THE WAITING GAME
Apr 16, 2012
Legal pundits, on a quest for eyecatching headlines, didn’t hesitate to make bold predictions in the aftermath of the Supreme Court’s health care arguments. “Justices poised to strike down entire health care law,” one major publication wrote. Another went with this not-so-subtle headline: “Health Reform in Supreme Court: End of Affordable Care Act?” And a leading television commentator said simply: “The individual mandate looks pretty doomed to me.”
My response: Not so fast.
Sure, the court had tough questions for the government, and several conservative justices seem like locks to vote against the individual mandate. But at least one vote the law’s challengers absolutely must have to win – Justice Anthony Kennedy’s – appears far from certain. And even if the mandate were to fall, that would leave a big question looming: What to do with the rest of the law? On that point, the court offered no clear signals.
I attended oral argument and wrote about it for the AHA. It was a three-day whirlwind: Each day began with a five-hour wait to squeeze into the courtroom, followed by an hour of politico-watching – at one point NPR’s Nina Totenberg and NBC’s Pete Williams were standing beside me whispering to each other, “There’s Mitch McConnell! And Eric Holder! And what about Sebelius? Is Sebelius here?”– several hours of argument, and then a mad rush to craft timely summaries. The dust has now settled. Here, with the benefit of a few days to reflect, are my bottomline takeaways.
Don’t believe everything the justices say. Some of those covering the argument were quick to take the justices’ questions as clear signs of how they’ll vote. That is a dangerous game. The trouble is that judges don’t always show their hand at oral argument. They will sometimes play devil’s advocate; other times they’ll ask tough questions of the side they support to test the soundness of the arguments; other times they may genuinely be on the fence. All of that said, some of the justices’ questions on the individual mandate so clearly favored one side – and so clearly reflected the justices’ long-held positions on the legal issues – that it’s safe to make some predictions. It seems clear, for example, that the Court’s four Democratic appointees (Justices Ruth Bader Ginsburg, Stephen Breyer, Sonia Sotomayor and Elena Kagan) think the individual mandate is constitutional. It also seems clear that Justices Antonin Scalia, Samuel Alito, and (probably) Clarence Thomas think it is not. Which leads to my second point. . .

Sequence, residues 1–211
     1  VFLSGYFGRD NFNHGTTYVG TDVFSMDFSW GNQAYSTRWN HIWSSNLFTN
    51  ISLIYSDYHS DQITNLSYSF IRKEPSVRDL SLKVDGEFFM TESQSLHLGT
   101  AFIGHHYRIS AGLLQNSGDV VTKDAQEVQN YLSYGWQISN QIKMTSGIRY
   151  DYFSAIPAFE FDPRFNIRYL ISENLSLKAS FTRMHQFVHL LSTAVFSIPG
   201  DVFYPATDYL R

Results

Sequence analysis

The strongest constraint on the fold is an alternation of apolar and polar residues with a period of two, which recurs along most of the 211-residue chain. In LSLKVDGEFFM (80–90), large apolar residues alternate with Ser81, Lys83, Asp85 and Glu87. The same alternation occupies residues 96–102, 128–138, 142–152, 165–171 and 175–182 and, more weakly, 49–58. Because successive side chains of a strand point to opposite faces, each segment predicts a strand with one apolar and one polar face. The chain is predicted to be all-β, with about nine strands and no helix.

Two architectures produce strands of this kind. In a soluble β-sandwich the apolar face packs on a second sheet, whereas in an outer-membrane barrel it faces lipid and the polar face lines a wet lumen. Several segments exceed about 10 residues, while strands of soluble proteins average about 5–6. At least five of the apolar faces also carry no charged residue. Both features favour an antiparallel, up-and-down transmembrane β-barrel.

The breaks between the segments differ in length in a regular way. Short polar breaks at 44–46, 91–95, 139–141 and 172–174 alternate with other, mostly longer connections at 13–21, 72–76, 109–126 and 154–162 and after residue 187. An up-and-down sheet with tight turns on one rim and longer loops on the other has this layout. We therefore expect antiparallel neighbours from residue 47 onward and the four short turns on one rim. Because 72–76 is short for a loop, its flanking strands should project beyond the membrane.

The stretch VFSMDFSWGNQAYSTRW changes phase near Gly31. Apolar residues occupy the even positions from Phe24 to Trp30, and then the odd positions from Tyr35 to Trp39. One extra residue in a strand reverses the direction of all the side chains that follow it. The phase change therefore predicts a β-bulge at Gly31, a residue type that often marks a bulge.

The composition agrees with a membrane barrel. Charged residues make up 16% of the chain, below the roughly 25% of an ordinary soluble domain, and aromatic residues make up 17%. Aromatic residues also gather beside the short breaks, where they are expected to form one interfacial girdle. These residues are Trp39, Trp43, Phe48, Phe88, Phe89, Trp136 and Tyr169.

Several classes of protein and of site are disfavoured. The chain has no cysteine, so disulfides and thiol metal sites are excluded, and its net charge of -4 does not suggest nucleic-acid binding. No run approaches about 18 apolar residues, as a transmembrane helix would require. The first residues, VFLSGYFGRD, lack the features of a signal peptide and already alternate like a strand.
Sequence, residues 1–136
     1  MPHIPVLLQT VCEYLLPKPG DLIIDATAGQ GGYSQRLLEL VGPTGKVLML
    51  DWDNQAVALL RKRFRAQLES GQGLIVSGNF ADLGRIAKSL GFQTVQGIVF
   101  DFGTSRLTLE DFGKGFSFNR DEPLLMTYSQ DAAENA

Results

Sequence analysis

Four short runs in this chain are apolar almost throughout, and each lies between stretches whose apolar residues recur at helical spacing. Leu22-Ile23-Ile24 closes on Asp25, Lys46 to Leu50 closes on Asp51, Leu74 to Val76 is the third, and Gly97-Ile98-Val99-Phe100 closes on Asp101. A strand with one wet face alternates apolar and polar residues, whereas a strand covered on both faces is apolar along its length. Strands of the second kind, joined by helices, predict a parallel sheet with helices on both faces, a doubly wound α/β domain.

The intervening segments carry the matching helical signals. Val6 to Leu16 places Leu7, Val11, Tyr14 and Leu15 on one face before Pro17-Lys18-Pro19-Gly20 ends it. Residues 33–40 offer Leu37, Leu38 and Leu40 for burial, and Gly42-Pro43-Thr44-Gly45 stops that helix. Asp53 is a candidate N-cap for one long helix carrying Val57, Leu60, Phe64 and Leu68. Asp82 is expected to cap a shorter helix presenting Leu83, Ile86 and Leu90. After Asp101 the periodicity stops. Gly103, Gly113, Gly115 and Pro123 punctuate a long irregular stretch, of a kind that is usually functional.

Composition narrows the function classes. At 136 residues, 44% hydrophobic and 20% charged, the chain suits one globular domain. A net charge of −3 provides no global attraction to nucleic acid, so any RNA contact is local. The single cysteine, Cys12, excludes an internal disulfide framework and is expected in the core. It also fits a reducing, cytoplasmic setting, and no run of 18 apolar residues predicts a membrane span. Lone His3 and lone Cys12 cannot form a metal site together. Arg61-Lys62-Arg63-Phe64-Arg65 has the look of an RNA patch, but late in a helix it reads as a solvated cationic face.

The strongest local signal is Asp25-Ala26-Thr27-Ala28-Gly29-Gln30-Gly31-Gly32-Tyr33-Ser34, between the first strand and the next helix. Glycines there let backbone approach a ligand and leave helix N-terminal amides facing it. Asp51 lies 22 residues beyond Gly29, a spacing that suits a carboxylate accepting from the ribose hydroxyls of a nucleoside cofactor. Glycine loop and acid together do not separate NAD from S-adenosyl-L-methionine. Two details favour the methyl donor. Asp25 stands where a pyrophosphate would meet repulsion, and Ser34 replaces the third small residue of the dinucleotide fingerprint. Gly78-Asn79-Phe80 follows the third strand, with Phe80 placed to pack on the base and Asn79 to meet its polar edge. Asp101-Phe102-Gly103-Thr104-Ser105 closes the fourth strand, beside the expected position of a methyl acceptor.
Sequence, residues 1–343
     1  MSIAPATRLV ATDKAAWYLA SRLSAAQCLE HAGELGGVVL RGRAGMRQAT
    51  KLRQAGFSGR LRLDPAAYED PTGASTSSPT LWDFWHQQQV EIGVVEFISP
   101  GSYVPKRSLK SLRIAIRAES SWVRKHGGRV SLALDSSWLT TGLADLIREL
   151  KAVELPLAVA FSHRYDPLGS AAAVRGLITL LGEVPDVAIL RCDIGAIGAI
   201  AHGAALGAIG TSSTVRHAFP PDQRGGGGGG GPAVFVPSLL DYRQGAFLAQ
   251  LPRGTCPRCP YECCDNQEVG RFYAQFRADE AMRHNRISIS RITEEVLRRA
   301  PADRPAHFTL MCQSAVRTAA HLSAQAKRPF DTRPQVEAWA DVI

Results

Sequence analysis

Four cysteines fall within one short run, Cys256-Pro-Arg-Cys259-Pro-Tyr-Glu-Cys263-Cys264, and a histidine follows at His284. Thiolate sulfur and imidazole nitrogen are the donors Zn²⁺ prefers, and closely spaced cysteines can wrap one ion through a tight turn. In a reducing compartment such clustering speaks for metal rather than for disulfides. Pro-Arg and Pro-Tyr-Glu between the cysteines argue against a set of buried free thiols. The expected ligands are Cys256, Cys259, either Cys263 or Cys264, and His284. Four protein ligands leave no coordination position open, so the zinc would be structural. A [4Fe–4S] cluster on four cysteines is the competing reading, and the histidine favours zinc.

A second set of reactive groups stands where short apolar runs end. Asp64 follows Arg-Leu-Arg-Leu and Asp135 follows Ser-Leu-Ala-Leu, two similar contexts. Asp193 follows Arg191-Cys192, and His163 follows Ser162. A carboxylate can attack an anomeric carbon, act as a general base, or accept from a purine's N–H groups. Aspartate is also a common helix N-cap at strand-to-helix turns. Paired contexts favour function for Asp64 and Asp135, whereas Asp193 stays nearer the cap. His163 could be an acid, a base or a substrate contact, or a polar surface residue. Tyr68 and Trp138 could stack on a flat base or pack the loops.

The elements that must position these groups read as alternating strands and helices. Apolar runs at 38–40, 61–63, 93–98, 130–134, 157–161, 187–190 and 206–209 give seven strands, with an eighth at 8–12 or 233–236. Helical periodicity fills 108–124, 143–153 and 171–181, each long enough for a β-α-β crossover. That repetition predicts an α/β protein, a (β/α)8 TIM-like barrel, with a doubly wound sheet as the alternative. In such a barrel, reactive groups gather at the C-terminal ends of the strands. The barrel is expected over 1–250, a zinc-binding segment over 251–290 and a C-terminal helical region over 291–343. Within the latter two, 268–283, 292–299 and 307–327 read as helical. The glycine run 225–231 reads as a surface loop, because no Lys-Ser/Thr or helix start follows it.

Justice Kennedy is the key. Justice Kennedy is often called the court’s “swing vote” – the most moderate justice amid four reliable conservatives and four reliable liberals. Many pundits focused on Kennedy’s comments that the mandate is “a step beyond what our cases have allowed” and that it “changes the relationship of the federal government to the individual in a very fundamental way.”
That suggested, they said, that he’ll vote to strike the mandate down.
But Kennedy offered comments of a very different stripe later in the argument – comments that may hold the key to the case. When the plaintiffs’ lawyers stood up, Kennedy twice asked whether “the young person who is uninsured is uniquely proximate to affecting the rates of insurance and the costs of providing medical care.” Translated into English, Kennedy was suggesting that non-participants in the health insurance market – i.e., “the young person who is uninsured” – may nonetheless be connected to that market in a way that isn’t true...
Topic: Advocacy and Public Policy